Poor vascular health in mid-life is a well-established risk factor for Alzheimer’s disease. A research team from Johns Hopkins University recently set out to investigate whether these lifestyle risk factors play a direct role in amyloid deposition in the brain. The 346 cognitively healthy participants began the study at age 45-64; they were assessed for vascular risk factors (including high BMI, smoking, hypertension, diabetes, and high cholesterol) and evaluated based on their age, gender, ethnicity, education, and presence or absence of the APOE ε4 allele. Then, using brain imaging technology, they determined the level of amyloid deposition in the brain; participants attended five of these assessments over approximately 25 years. “These data support the concept that midlife, but not late-life exposure to these vascular risk factors is important for amyloid deposition,” researcher Rebecca Gottesman wrote. “These findings are consistent with a role of vascular disease in the development of Alzheimer’s disease,” which suggests that poor general vascular health may either increase amyloid deposition or impair its clearing. The results were consistent across race and genotype, although they may have come to different conclusions with a bigger sample size. This study is a good starting point for future research that will need to be conducted in the area.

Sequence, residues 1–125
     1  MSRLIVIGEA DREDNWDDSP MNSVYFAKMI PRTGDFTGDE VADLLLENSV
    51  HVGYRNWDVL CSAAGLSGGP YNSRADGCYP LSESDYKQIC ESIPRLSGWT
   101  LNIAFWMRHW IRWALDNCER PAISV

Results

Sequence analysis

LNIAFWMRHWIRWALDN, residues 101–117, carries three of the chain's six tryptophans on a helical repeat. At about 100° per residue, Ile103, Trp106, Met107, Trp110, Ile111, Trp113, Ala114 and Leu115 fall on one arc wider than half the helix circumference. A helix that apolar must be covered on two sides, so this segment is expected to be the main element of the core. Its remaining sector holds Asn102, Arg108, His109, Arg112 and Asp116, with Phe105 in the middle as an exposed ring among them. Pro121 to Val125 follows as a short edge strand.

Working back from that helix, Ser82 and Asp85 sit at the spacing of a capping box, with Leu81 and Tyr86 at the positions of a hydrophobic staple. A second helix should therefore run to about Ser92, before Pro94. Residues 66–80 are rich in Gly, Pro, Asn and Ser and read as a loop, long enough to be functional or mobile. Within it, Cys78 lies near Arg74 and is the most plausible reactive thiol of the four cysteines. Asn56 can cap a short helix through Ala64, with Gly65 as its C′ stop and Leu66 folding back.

SOURCE: Science Daily: https://www.sciencedaily.com/releases/2017/04/170411130838.htm
ORIGINAL ARTICLE: JAMA: http://jamanetwork.com/journals/jama/fullarticle/2616396
DATE RETRIEVED: April 13, 2017